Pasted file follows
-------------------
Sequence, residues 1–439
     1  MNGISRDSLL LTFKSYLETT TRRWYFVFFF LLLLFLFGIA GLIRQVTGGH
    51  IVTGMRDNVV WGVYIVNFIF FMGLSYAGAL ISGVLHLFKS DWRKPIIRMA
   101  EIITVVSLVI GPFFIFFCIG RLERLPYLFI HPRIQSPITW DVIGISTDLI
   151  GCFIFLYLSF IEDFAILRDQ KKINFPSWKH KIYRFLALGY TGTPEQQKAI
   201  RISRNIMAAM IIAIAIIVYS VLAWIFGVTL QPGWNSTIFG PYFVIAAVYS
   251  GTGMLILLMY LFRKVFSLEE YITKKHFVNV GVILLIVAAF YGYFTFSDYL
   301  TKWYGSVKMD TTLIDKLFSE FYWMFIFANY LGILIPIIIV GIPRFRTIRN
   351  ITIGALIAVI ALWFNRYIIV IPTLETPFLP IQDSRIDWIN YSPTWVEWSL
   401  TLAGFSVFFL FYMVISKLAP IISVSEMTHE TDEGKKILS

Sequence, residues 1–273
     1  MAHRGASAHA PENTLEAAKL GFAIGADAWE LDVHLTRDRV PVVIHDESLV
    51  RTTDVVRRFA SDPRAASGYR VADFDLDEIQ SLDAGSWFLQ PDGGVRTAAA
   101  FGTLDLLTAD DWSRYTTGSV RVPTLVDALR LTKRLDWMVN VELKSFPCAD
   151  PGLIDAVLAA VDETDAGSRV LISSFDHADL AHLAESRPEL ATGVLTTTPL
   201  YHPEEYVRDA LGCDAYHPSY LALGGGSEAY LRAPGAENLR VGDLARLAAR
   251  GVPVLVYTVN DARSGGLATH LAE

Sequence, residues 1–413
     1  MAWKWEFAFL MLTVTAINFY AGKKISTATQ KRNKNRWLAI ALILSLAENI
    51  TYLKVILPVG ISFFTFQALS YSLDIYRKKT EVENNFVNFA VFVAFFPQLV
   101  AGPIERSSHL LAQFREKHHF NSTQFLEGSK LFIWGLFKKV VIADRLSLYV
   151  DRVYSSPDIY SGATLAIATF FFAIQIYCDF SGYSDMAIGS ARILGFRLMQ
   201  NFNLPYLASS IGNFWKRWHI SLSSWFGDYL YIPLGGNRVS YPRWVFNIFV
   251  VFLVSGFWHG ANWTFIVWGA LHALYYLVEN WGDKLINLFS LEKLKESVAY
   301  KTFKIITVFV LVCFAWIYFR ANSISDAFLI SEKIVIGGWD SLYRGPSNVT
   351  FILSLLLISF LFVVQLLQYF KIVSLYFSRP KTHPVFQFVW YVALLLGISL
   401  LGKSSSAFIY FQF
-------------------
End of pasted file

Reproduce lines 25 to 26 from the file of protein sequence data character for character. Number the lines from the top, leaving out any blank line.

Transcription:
   301  KTFKIITVFV LVCFAWIYFR ANSISDAFLI SEKIVIGGWD SLYRGPSNVT
   351  FILSLLLISF LFVVQLLQYF KIVSLYFSRP KTHPVFQFVW YVALLLGISL